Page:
The case came on to be heard and the plaintiff, at the conclusion of all the testimony offered in her behalf, with permission *948 of the court, filed an amended complaint in which she made the charge that Gish had kept an additional burden upon the sidewalk where she was injured by erecting and maintaining an iron grating and had placed concrete or other substances around said grating and had permitted said retaining structure to become defective and dangerous and that she had stepped in or upon the defects appearing in the concrete placed thereon by Gish which constituted an additional servitude to said sidewalk.

An issue was thereby raised at the trial concerning whether Frances Willard Stone's fall had resulted from the dangerous condition of the servitude, the dangerous condition in the sidewalk, or from defects in both. The judge of the District Court recognized these issues in his charge to the jury when he said:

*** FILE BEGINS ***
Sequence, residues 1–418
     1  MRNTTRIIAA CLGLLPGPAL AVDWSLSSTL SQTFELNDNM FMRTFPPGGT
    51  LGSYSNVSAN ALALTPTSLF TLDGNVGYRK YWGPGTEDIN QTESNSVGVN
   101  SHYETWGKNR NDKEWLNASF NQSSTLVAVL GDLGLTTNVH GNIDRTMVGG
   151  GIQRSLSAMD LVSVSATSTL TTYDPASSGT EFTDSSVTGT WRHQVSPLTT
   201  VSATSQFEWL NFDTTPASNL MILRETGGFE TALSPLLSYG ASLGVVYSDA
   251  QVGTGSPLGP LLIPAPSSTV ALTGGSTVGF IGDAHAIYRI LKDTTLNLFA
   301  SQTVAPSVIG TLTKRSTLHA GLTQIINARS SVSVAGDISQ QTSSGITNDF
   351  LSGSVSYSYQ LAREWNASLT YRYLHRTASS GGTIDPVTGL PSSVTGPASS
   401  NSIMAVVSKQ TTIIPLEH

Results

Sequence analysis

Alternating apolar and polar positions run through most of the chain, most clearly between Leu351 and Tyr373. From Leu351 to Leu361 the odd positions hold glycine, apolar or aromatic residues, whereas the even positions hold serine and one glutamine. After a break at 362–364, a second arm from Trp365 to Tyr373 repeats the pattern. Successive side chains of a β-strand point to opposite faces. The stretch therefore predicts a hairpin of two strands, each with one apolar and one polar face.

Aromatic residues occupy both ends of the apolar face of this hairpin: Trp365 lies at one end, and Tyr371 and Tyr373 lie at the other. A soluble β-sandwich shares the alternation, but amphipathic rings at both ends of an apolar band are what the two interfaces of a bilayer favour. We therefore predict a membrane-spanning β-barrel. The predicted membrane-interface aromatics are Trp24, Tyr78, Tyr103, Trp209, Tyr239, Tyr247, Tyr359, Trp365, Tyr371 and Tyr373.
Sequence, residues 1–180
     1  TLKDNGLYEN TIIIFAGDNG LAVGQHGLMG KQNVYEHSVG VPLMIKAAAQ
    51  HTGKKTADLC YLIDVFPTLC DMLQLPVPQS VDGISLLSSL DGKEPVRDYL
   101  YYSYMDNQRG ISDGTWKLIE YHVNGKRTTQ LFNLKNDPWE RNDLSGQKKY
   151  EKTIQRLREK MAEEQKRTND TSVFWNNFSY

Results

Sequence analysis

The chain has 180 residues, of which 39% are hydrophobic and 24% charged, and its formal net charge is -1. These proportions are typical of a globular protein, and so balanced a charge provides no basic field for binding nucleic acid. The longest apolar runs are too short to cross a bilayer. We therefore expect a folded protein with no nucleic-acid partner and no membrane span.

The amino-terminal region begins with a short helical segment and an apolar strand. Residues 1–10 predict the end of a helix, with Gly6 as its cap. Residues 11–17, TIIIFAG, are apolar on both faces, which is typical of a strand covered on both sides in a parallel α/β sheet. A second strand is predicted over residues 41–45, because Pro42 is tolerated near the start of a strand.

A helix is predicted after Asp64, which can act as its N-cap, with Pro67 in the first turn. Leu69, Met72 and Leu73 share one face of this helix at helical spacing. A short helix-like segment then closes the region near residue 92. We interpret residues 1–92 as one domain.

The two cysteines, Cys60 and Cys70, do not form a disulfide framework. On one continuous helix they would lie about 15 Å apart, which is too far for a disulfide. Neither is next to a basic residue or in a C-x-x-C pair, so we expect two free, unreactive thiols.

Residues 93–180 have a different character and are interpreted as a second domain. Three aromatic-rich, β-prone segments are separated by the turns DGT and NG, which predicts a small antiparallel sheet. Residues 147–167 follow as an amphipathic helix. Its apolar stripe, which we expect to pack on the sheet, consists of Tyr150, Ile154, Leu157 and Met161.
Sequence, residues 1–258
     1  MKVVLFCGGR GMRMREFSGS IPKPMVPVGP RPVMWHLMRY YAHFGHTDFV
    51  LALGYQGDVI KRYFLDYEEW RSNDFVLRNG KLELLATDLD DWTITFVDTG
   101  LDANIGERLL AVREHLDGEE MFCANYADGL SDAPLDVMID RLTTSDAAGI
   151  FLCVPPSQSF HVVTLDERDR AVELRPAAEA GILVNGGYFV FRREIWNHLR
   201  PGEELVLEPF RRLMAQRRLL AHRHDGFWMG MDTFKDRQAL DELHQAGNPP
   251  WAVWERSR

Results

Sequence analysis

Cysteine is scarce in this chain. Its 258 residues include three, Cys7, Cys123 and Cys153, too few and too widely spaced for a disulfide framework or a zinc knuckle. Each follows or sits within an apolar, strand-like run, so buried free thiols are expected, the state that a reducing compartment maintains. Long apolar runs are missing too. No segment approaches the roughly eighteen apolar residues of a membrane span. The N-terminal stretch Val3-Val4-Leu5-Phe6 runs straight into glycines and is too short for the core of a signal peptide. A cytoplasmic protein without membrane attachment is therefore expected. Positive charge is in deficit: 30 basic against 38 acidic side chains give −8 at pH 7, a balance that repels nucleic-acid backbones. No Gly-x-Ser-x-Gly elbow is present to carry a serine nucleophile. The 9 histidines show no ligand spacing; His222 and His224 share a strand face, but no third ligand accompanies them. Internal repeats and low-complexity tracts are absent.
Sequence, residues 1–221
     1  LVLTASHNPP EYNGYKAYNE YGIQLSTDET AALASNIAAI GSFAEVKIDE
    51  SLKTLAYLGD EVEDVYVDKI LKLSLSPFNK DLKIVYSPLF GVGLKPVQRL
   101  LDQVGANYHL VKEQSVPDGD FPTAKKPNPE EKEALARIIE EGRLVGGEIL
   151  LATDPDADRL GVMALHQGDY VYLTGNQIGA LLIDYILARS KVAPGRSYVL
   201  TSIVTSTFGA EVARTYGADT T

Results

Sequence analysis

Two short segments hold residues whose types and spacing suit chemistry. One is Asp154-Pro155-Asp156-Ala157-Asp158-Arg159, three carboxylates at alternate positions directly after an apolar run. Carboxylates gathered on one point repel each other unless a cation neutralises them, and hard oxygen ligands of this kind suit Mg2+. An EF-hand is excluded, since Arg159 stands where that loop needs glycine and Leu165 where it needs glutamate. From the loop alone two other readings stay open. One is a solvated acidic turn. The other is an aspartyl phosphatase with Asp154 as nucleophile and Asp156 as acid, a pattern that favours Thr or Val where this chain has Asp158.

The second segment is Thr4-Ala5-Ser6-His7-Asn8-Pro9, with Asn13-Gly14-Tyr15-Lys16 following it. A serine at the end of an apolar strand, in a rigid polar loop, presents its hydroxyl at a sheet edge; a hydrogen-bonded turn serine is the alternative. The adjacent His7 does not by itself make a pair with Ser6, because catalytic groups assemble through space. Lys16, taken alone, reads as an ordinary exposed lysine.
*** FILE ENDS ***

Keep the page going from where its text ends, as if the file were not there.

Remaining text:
"Now, you may find against the City of Central City and in favor of the Gish Realty Company. You may find that it was a defect in the sidewalk for which the city was responsible that brought about the injuries. You may find against the Gish Realty Company that it was the defect in the servitude there the grating or its surrounding material to hold it in place or you may find against both of them. You may find that the defect there was due to the negligence of both the city and the Gish Realty Company and you may award your damages, hold one accountable to a certain amount and the other accountable to a less or a greater amount as you may believe their negligence, if any, was had in relation to the negligence of the other defendant. You may believe that one was more negligent than the other and you may award your damages accordingly, if you determine to award damages. In other words, you will consider the negligence, if any, as it pertains to each of the defendants."